Investors had reason to be surprised by the Bank of Canada’s Jan. 21 interest rate cut. Not only was it not telegraphed beforehand, but most experts figured rates would climb this year, after the U.S. Federal Reserve raised its rates. But as anybody paying attention to what’s been going on overseas knows, the days of central banks operating in concert are gone.
While the Fed, the world’s most important central bank, ended its stimulus program last fall and is expected to finally start raising rates from their historic lows this year, the eurozone and Japan are just initiating quantitative easing (QE) programs. Meanwhile, Canada may cut its rate again. Switzerland’s central bank shocked markets by removing its currency’s peg to the euro. “It sure is fascinating,” says Eric Lascelles, chief economist at RBC Global Asset Management, especially after the relative harmony of different nations’ monetary policies following the Great Recession.
There is usually some variance in central bank policy, says Lascelles, but not to the extent that we’re seeing today. It’s happening because economic prospects vary so wildly from country to country. America is on a roll; Europe is not. Lascelles blames policy missteps. The U.S. did the right thing with its QE program, he explains. The European Central Bank should have acted earlier.
Mixed monetary policy makes asset allocation more challenging, especially as exchange rates fluctuate. When rates get cut, fixed income yields fall, causing bondholders to go looking for higher yields in other countries. That puts pressure on currencies, because bonds are mostly denominated in the local coinage. When international investors sell Canadian bonds, they’re effectively selling loonies too.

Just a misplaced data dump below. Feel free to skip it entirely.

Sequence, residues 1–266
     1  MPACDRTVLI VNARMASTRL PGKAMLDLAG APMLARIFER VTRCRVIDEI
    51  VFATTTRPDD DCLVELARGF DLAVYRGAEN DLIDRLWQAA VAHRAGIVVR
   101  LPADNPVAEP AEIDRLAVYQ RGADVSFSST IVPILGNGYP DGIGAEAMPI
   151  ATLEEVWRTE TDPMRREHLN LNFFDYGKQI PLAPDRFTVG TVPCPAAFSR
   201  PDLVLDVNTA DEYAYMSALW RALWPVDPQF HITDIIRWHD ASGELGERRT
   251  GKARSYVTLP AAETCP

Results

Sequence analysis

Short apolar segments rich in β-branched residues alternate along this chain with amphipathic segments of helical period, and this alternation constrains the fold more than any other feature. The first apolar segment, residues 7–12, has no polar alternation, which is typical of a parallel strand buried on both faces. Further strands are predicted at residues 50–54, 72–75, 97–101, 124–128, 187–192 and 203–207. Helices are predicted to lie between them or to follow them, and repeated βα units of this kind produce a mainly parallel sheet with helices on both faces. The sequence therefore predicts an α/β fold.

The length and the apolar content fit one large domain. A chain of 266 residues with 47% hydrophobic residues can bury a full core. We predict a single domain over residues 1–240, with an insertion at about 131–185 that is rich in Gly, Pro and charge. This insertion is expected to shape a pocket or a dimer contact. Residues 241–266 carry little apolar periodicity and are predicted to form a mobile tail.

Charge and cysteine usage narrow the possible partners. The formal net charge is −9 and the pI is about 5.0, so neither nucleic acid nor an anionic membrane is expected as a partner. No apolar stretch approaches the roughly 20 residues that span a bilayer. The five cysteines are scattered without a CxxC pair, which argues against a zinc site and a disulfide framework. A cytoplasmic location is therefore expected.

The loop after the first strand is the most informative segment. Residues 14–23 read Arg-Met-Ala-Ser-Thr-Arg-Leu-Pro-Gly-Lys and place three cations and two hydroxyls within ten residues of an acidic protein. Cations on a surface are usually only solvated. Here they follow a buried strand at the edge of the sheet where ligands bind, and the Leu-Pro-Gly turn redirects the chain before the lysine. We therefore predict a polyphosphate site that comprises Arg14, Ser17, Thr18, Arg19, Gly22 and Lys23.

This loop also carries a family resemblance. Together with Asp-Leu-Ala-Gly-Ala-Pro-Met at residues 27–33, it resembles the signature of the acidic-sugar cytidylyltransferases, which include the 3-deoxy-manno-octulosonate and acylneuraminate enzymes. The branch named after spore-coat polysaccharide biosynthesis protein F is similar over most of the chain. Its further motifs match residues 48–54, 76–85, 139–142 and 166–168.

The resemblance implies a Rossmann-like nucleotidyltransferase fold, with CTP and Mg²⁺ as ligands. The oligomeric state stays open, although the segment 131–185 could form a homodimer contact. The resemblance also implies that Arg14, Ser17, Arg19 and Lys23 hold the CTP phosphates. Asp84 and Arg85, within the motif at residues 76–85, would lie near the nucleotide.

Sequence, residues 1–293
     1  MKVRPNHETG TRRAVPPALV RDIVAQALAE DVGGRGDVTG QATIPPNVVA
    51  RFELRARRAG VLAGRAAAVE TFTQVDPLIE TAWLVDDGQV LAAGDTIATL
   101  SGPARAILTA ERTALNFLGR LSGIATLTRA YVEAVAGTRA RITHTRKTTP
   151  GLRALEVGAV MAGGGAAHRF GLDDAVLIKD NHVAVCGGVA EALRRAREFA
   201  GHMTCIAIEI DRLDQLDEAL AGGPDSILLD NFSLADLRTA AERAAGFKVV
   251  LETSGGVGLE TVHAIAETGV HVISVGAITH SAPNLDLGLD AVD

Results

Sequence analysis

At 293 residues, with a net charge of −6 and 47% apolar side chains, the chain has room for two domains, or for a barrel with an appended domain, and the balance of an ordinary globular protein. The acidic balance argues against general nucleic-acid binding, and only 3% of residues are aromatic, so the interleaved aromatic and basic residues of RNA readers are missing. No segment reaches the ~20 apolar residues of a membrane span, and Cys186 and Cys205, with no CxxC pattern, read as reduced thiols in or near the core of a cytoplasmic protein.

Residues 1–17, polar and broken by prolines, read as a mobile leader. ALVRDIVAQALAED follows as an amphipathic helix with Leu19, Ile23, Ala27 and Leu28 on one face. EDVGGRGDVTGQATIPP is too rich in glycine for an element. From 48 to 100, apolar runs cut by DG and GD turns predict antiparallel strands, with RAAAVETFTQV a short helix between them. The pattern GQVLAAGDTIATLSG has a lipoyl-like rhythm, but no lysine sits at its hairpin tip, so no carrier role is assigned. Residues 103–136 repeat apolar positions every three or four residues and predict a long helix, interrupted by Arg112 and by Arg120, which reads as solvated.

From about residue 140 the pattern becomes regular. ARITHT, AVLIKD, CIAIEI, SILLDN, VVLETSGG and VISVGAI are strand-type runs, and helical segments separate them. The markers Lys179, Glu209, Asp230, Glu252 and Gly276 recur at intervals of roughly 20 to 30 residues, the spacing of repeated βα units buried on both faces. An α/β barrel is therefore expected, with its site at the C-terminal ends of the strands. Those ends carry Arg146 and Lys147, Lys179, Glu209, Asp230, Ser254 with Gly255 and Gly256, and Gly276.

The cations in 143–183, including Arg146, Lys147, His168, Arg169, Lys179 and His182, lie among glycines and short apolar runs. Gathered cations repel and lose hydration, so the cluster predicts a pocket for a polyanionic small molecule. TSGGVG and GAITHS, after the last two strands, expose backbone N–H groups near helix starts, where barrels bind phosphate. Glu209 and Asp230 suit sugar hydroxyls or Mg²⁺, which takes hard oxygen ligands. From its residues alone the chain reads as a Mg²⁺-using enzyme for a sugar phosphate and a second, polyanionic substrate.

All of that increases market volatility, at both an index and a company level, says Paul Moroz, Mawer Investment Management’s deputy chief investment officer. For example, Procter & Gamble’s (NYSE: PG) second-quarter results were a complete miss, in large part because of currency issues. “It’s a U.S.-based company, but 60% of its dollars come from outside the country,” he says. “We’re seeing more of that.”
Investors can nonetheless take advantage of this divergence and the resulting volatility. Ben Homsy, a fixed income analyst at Leith Wheeler, expects a rate hike in the U.S. this year accompanied by dovish language, which he thinks will buoy the market. Unhedged investors in U.S. stocks will also get a boost if the loonie’s slide continues, he notes.
For value investors, the fall of the euro is turning up bargains, says Lascelles. The region has had so many problems that people are turned off. However, if European QE starts to work, then equities there could rebound quickly.
Lascelles is also keen on more interest rate–sensitive sectors here in Canada like utilities and REITs. “In a low-rate environment, you want that steady coupon, something that reliably pays that 3% or 4%,” he says. Blue-chip companies with more exposure to the U.S. are attractive too, says Moroz. A large company like Wells Fargo (NYSE: WFC) can ride out the ups and downs, and it also benefits from lower oil prices (people have more money in their accounts), an improving economy and an eventual interest rate hike.
Global monetary policy will eventually settle down. We just don’t know when. In the meantime, those who follow the money could be well-rewarded.
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